Nurse Staffing Ratio Mandate Rejected by Voters in Massachusetts

Dynamic staffing needed to support safe care and high-quality outcomes

November 13, 2018

Massachusetts, a state characterized as having a heavy regulatory hand and a significant nursing union presence, rejected a state mandated hospital nurse-to-patient staff ratio during last week’s election. Media coverage of the ballot initiative cited voter concerns regarding the impact on access to health care, particularly in rural communities, as well as the additional health care costs associated with the law—estimated to be between $676 million to $949 million per year. 

It was estimated Massachusetts hospitals would have had to hire more than 2,000 nurses—with 936 additional registered nurses on night shift alone—provide pay hikes, and purchase new software to track patient acuity. 

Higher costs, finding more nurses to comply with staffing mandates, and creating redundant processes to track and report staffing levels were among the challenges at issue. “Mandated staffing ratios would require additional layers of managing, monitoring, and oversight within hospitals and health systems, as well as the state,” notes Ann Zenk, WHA Vice President of Workforce and Clinical Practice. “These layers would take resources away from local efforts to provide the staffing and support needed to deliver safe, high-quality care to their communities.”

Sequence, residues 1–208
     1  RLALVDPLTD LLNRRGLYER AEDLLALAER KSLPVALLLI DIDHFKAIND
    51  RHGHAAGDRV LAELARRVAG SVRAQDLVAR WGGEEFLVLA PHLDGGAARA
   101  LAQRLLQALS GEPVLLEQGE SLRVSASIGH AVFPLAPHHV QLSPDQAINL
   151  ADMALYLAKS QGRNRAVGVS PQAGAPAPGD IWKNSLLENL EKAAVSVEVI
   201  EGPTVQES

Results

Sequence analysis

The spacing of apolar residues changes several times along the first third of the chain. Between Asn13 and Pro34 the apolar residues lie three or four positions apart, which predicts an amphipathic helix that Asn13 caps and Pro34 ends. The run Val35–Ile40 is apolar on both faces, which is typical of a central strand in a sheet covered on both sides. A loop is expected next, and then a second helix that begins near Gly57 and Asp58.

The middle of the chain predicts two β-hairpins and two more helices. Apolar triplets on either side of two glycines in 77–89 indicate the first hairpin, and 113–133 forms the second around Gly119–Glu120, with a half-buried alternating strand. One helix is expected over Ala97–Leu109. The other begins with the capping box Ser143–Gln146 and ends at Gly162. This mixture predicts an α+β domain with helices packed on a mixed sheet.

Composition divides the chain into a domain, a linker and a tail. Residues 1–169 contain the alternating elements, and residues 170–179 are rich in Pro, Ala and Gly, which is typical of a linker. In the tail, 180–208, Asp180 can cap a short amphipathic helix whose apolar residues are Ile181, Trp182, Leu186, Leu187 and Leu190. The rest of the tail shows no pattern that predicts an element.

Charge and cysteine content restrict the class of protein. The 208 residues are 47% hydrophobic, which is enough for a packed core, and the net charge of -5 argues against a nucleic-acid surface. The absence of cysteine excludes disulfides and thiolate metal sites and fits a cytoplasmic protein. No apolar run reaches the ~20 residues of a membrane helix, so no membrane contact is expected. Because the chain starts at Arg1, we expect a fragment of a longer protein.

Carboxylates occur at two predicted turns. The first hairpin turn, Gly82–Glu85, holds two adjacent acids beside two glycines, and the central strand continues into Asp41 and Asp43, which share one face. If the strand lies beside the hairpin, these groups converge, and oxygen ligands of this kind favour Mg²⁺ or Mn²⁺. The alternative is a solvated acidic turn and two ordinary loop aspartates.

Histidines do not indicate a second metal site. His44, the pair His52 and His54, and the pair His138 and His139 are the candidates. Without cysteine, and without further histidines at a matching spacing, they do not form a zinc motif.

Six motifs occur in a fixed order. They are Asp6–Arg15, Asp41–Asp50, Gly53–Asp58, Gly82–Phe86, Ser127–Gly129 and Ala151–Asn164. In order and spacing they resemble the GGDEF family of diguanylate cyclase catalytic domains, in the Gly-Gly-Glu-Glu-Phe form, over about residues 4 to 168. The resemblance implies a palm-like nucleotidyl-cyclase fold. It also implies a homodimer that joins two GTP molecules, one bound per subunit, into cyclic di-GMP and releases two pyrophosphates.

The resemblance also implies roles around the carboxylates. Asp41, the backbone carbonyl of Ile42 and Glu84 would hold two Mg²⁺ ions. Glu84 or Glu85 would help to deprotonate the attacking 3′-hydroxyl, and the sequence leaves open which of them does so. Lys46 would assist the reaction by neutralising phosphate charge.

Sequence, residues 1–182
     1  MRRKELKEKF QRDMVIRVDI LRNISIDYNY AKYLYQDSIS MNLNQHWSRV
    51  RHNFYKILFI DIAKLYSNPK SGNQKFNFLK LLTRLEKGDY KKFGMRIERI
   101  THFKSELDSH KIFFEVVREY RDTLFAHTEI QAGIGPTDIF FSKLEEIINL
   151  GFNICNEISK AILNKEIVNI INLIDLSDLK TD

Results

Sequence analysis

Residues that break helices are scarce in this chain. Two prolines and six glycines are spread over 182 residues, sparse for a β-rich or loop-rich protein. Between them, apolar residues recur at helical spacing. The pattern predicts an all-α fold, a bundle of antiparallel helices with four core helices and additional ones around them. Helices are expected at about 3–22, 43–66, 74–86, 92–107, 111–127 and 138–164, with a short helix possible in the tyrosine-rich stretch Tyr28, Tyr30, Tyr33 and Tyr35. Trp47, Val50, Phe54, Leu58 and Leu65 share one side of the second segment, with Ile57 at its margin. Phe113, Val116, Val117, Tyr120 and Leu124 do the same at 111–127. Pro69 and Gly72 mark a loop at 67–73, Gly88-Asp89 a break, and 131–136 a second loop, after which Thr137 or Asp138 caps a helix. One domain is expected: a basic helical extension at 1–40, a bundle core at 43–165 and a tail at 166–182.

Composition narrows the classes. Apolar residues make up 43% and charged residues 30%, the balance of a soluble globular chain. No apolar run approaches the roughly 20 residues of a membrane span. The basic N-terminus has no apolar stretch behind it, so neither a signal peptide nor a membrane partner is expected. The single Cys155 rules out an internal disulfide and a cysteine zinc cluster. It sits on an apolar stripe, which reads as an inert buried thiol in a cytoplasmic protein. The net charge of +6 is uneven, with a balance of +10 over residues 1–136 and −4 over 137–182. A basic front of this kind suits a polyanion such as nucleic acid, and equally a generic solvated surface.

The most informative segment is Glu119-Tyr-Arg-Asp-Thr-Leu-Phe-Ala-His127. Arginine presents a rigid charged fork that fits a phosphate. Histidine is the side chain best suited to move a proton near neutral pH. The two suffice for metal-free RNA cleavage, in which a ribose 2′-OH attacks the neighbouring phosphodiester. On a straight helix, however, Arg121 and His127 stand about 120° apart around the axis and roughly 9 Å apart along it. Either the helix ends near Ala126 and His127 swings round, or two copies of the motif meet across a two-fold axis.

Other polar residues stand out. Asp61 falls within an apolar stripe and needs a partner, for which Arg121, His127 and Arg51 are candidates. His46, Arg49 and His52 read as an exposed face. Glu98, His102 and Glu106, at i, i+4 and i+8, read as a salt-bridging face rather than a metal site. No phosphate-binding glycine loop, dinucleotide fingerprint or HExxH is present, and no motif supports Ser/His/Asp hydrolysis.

In California, the only state with mandated nurse-to-patient ratios, the number of patients per nurse has decreased and the number of worked nursing hours per patient day has increased, but associated improvement in hospital nursing quality and safety indicators could not be demonstrated. 

“Delivering high-quality, high-value health care depends on a sufficiently supplied, high-quality and dynamic workforce; a workforce able to create value through innovative best practices and flex to patient need,” said WHA President/CEO Eric Borgerding. “I would hate to see a fixed quota system interfere with the flexibility and creativity of Wisconsin’s nursing and health care workforce—a workforce that has made the quality of Wisconsin’s health care system consistently rank among the best in the nation.”  

This story originally appeared in the November 13, 2018 edition of WHA Newsletter